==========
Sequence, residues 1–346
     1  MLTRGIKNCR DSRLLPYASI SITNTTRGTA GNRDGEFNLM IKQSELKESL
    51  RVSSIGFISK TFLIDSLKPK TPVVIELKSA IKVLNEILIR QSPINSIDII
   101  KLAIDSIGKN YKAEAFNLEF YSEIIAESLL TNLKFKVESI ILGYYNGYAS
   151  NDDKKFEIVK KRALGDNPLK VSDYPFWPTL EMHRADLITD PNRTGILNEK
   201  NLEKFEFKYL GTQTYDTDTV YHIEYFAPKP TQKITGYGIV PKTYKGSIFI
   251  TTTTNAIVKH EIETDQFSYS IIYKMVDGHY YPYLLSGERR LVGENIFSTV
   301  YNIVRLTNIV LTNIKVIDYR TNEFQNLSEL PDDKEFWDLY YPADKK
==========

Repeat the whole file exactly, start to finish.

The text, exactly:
Sequence, residues 1–346
     1  MLTRGIKNCR DSRLLPYASI SITNTTRGTA GNRDGEFNLM IKQSELKESL
    51  RVSSIGFISK TFLIDSLKPK TPVVIELKSA IKVLNEILIR QSPINSIDII
   101  KLAIDSIGKN YKAEAFNLEF YSEIIAESLL TNLKFKVESI ILGYYNGYAS
   151  NDDKKFEIVK KRALGDNPLK VSDYPFWPTL EMHRADLITD PNRTGILNEK
   201  NLEKFEFKYL GTQTYDTDTV YHIEYFAPKP TQKITGYGIV PKTYKGSIFI
   251  TTTTNAIVKH EIETDQFSYS IIYKMVDGHY YPYLLSGERR LVGENIFSTV
   301  YNIVRLTNIV LTNIKVIDYR TNEFQNLSEL PDDKEFWDLY YPADKK